It should be a priority for every MLS academy to meet the standard of offering fully funded residency-based programs that offer housing and education along with everything soccer-related. This takes a massive financial commitment, but only then can the U.S. say it's producing a youth development system on par with the top youth programs in the world. 
Once in place, I think it should only be mandatory for MLS academy teams to compete in a 10-month season -- and not non-MLS academies. The best prospects should be funneled toward MLS academies. In turn, MLS academies should offer the best facilities, coaches, training and environment. The notion that a player has been identified as a future pro prospect and will be headed to a professional team's residency program will then be completely justifiable on all ends. 
Those who would rather play high school or attend a private school could play for a non-MLS academy team instead. This would also prevent non-MLS academy teams from going to drastic measures to remain in the Development Academy league. These non-MLS academy teams can decide whether they want to offer training and exhibitions during the high school season to fulfill a 10-month schedule or stay on the seven-month schedule.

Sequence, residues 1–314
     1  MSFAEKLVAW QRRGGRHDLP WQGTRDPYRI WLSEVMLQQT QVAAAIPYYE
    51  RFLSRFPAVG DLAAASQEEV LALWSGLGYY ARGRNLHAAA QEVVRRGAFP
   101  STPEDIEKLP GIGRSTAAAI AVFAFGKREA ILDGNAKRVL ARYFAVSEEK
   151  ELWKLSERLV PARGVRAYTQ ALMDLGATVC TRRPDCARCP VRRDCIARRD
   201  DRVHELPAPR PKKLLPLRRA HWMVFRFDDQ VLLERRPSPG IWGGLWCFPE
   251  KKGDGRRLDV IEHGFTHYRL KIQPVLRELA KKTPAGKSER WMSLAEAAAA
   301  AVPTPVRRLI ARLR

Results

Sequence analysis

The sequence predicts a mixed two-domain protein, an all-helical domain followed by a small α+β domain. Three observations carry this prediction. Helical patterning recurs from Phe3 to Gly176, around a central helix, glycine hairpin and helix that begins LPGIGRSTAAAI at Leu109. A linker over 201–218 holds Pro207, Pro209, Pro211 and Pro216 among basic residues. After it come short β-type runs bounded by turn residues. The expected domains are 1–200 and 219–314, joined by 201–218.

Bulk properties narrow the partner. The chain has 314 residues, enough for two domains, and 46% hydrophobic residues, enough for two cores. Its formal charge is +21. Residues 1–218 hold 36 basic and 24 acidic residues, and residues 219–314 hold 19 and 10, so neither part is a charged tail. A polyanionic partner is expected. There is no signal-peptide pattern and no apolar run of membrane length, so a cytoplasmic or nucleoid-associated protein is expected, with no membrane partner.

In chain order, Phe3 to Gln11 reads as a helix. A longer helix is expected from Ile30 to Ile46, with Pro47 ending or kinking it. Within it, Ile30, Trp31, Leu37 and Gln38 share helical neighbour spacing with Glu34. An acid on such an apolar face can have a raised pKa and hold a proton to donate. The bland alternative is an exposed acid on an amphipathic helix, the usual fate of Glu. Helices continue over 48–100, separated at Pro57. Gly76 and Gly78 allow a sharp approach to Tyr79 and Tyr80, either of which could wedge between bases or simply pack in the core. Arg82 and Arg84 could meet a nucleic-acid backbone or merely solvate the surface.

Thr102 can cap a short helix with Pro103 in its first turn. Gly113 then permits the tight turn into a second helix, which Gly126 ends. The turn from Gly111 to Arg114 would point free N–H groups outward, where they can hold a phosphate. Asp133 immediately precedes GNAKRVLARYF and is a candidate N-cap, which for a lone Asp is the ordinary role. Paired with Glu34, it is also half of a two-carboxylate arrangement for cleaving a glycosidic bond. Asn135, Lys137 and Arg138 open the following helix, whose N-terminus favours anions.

I fully concur with the residency program for MLS academies.  Yes, it is a big financial commitment, but it must be done if the MLS and U.S. is to compete on the same level as Europe and South America.  I have an additional suggestion.  When the MLS firs team squad travels to away matches, the Academy team does as well and plays on the same day as the First Team.

But it is the second tier that matters.  The top players will always get identified and yes, it will be helpful to be identified earlier.  But is is that second tier of players, boys who may blossom later.  These are the players who will largely populate most of the Academy teams and ultimately the college ranks.  

I referee high school soccer and I can see the physical differences in some boys who are 14 15 years old.  They have the soccer brain, you can see it in the manner in which they play.  But sometimes they put on weight and look out of proper shape.  Then the next year or two they put on the height. Some players put on a lot of height and then are awkward with their body.  Some have their physical abilities, but not the right mental training to grow as players, but with time and training they do.  These players become Division I college players and might be professionals later.  

the truth of the matter is, for every Lionel Messi who was clearly gifted at a young age, there are dozens of players who won't bloom until their late teens.  A Development system that can nurture both types of players is needed and like it or not, it will have to mean some tiering in the system.  Eskandarian's idea is a great start, and I would like to see it implemented, sooner rather than later.  

Check out my soccer blog at Nutmegs and Stepovers